Environment

Our stories cover science, technology, engineering, mathematics, the natural world and the environment

Environment

Population versus consumption

We often blame rising population for the depletion of natural resources, but Pulitzer Prize-winning author Jared Diamond tells host Bruce Gellerman that we should really be more concerned about increased rates of consumption, especially in affluent Western societies.

Environment

From toilet to tap

Orange County, CA has opened what is likely the largest sewage purification plant for drinking water in the world. The community is on board, and the idea is already being copied elsewhere in the U.S. and abroad. Living on Earth's Ingrid Lobet reports.

Environment

World's cheapest car, The

Host Steve Curwood talks with Sunita Narain, director of the Center for Science and the Environment in Delhi, about what the Nano Car could mean for the developing world and how India should handle its transportation issues.

Environment

E-waste youth activist

Living on Earth interviews Alex Lin, who won the Brower Youth Award for his pioneering work on electronic waste. Lin recycled and refurbishes computers for kids in the U.S. and around the world.

Environment

Java trees

Indonesia planted millions of trees to absorb the greenhouse gases caused by the December 2007 Bali climate conference, but the nation's record on tree conservation has been dismal. Java used to be home to one of the world's oldest teak forests, but illegal logging, fires, and government mis-management have destroyed the trees.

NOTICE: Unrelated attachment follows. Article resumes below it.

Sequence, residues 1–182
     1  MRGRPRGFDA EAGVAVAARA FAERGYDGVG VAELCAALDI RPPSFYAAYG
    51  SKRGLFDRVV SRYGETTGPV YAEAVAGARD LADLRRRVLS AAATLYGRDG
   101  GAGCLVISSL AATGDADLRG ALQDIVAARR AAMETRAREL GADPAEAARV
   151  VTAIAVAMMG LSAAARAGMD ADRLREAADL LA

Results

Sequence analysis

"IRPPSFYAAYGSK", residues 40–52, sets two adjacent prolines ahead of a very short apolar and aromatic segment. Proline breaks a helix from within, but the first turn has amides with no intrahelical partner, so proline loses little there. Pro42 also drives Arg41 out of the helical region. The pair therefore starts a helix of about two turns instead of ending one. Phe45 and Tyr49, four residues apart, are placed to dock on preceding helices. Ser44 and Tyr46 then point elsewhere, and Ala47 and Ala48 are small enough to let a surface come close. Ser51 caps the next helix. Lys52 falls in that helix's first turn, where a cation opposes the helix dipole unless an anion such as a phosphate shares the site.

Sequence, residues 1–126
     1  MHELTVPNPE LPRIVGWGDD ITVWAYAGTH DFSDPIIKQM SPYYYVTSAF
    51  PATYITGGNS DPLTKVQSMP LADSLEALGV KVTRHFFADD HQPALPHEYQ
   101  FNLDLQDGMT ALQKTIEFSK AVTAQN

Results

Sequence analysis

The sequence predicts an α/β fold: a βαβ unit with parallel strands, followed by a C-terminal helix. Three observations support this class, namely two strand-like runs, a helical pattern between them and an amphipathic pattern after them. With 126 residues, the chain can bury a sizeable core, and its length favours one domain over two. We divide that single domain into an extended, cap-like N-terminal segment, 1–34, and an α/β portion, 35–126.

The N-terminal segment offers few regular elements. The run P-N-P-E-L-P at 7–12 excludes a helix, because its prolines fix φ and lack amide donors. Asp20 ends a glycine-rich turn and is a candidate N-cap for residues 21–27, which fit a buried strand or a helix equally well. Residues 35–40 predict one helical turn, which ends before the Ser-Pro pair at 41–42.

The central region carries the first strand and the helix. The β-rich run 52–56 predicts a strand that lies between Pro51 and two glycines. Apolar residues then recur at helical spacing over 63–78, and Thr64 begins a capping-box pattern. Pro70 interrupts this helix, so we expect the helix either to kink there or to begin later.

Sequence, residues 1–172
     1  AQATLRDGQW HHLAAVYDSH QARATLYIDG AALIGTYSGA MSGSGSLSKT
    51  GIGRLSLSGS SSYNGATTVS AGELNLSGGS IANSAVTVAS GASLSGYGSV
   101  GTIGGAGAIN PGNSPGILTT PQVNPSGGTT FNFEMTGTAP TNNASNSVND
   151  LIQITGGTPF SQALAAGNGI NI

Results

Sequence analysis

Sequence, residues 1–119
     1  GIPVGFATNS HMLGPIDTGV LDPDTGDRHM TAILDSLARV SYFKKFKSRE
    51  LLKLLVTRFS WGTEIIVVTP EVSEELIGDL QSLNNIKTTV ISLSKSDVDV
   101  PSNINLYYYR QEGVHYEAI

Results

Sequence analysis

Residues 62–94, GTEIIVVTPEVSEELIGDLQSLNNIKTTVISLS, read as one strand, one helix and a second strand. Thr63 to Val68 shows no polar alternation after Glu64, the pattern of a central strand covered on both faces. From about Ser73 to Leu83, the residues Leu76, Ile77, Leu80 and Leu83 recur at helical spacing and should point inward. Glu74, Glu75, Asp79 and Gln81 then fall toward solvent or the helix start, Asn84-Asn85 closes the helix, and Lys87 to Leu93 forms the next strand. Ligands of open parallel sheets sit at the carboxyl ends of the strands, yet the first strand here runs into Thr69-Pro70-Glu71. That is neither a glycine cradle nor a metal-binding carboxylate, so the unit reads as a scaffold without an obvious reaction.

Environment

Give peace parks a chance

Parks and natural areas can be an important part of international diplomacy and peace building between countries in conflict. That's according to University of Vermont professor Saleem Ali who edited the new book "Peace Parks: Conservation and Conflict Resolution." Dr. Ali talked with host Bruce Gellerman.

Environment

Ecological footprints

A new study by Global Footprint Network compares the ecological footprints of 93 nations across the globe -- and finds that Cuba is the only one developing sustainably. Global Footprint Network Director Mathis Wackernagel tells host Bruce Gellerman why Cuba tops the list and other nations don't.

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